As the coronavirus social isolation torpor sets in among the populace we need to be supporting our favourite recording artists in any way we can since concerts and international touring may well now be a thing of the past.

Here are a few new tunes that I really dig at the moment.

21 Skidoo


Steven Wilson is hardly a household name, he is often described as the most influential musician you have never heard of, yet his workaholic nature and genre-hopping back catalogue have garnered him a global following.

Best known for his work in progressive rock outfit Porcupine Tree, Wilson is one of the most prolific artists on the planet, one fan website estimates that he has written, performed or produced upwards of 800 pieces of music.

The latest of his solo releases Personal Shopper is a bouncy techno trip holding up a mirror to 21st-century consumerism, Wilson invites us to dance along as we shop ourselves senseless.

This track is one of Steven Wilson’s more deliberately commercial efforts, in a recent interview he stated that even though his oeuvre is littered with fifteen-minute jazz blowouts and epic guitar anthems he has a deep love of pop music having grown up in the 1970s with his parents ABBA records playing in the house.

If you have any spare dosh at the moment invest in this track, or one of Steven Wilson’s previous albums, rather than buying the type of shit described in the song.


There has been something of a gothic and post-punk revival in Europe over the past decade or so, which is great, even though I’m so old I am still driving about listening to Bauhaus, Sisters Of Mercy and Christian Death.

Swedish psychedelic gloom mongers Then Comes Silence have been around since 2012, their latest album Machine hit the streaming services last month and I have got to say I love it.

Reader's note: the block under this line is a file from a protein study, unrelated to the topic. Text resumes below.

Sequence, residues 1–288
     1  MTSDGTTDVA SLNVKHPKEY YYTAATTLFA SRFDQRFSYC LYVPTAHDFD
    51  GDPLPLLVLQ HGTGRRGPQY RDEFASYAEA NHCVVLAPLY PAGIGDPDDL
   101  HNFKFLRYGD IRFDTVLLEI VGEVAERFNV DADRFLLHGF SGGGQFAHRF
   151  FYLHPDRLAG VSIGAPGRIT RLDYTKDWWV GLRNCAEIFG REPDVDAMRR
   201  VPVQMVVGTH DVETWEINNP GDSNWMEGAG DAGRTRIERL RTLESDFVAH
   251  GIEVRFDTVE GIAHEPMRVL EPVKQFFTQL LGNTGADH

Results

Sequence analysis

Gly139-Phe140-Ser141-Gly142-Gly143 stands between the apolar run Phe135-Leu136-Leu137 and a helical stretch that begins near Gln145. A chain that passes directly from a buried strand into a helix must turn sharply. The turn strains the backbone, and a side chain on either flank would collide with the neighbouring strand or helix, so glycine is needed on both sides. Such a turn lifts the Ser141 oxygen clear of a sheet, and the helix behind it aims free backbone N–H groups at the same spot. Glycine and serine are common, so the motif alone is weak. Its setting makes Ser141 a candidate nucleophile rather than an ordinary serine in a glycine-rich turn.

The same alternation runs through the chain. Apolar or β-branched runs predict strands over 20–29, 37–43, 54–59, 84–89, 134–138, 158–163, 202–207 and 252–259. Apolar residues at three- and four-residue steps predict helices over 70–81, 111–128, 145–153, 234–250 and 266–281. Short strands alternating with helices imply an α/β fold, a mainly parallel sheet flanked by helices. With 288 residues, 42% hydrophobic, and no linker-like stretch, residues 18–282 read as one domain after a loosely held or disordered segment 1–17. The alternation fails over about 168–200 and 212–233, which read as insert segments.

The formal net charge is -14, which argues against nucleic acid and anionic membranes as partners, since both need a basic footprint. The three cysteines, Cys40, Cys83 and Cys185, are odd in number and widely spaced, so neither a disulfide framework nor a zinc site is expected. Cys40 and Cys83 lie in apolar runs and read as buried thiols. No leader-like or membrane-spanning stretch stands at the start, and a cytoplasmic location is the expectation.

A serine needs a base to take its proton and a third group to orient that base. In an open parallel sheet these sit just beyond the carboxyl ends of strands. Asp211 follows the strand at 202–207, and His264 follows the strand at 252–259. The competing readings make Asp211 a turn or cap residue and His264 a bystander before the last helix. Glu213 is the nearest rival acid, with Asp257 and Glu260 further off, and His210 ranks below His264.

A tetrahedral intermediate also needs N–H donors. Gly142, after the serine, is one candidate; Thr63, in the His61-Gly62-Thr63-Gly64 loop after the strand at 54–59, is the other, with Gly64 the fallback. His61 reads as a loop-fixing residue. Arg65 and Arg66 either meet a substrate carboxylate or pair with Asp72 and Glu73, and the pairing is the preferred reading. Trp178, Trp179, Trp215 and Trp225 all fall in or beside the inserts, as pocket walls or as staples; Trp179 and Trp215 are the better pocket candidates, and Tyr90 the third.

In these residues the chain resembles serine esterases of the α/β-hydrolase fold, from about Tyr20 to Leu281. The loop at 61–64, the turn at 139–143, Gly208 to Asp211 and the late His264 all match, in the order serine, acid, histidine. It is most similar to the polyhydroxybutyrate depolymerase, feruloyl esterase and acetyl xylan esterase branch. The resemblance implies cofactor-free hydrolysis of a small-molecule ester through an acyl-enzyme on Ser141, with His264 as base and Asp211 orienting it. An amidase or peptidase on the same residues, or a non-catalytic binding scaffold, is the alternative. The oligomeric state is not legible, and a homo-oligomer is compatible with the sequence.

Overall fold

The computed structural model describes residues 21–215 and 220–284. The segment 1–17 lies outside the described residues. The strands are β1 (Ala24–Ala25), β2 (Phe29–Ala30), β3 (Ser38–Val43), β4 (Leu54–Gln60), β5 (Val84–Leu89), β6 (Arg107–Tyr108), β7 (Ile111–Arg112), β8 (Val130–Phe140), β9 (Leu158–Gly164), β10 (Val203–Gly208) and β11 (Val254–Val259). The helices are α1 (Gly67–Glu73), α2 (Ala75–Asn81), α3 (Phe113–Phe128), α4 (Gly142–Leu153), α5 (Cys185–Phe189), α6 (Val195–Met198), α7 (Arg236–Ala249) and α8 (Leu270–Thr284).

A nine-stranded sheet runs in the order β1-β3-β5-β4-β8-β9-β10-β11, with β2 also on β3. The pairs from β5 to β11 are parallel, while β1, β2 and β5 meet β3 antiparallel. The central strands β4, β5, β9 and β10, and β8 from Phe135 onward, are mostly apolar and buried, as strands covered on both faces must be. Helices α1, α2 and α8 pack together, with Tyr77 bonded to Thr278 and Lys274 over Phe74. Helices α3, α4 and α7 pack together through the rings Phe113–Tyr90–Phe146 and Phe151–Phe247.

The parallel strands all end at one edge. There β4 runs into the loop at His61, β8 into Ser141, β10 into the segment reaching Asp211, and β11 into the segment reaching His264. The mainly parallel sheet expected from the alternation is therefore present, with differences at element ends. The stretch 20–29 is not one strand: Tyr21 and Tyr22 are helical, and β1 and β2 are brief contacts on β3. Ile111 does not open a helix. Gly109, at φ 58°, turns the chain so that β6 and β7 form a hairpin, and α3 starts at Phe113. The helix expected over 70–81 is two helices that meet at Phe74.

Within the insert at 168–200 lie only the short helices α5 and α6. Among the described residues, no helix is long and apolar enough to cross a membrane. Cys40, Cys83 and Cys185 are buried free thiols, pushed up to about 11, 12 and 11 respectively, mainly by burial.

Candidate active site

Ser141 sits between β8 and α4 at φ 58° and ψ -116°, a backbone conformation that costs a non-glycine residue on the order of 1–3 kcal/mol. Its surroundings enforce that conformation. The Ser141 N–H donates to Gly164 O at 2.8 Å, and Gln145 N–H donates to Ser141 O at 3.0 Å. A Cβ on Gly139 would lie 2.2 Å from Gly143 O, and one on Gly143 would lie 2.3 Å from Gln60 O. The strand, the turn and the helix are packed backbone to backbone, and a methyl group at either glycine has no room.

Machine is heavier than a lot of the band’s recent releases, a lot more diverse too if I’m honest, yet the single We Lose The Night is bound to please old school fans with it’s pulsating synths and squalling guitars.

While the first cut from the album is something of a safe choice there are some pumping, Fields Of The Nephilim style tracks on offer here, I can imagine all the cutie Euro’ Goth girls whirling about the dance floor to these tunes.

I used to know a few black-clad post-punk characters back in the mid ’80s who would sit around at the pub, off their nuts on speed, droning on about how they weren’t Goths and anyone who would admit to Gothdom was a poser.

Boring bastards they were but the new breed seem to have embraced the whole tribe, ancestors and all and the result is better music, smarter fashion and hopefully new attitudes.


From the sublime to the ridiculous, Boston’s finest street punk fraternity have used the cover of the current unpleasantness to sneak out a little ditty concerning a Punk hero and a sweet treat.

Dropkick Murphys, like all groups lately, have been live-streaming, in this instance a two-hour pandemic special in which they premiered three new songs, social distancing must be hell for extroverted performers.

I have to admit the Murphys YouTube gig is a step up from sitting through John Fogerty and his incredibly unenthusiastic family strumming out the old Creedence hits from the front room of their mansion, or sitting through half an hour of Ritchie Blackmore getting drunk and playing the lute while his wife Candace tries to figure out how to use social media.

Stealing pudding sounds about right for Mick Jones, you could see a sketchy old bin chicken like him tucking into the Dropkick Murphys rider while they were on stage, rifling through their road cases and sniffing their hat brims.

Being a Marxist Jones, if called out, would likely claim his dessert larceny to be some form of wealth redistribution.

The B-side of the single is a hymn to another socialist, the Irish republican James Connolly, no mention is made of his attitude toward purloined snack treats but being a portly fellow it is assumed that nobody dared leave their sweets undefended while banqueting with the man.

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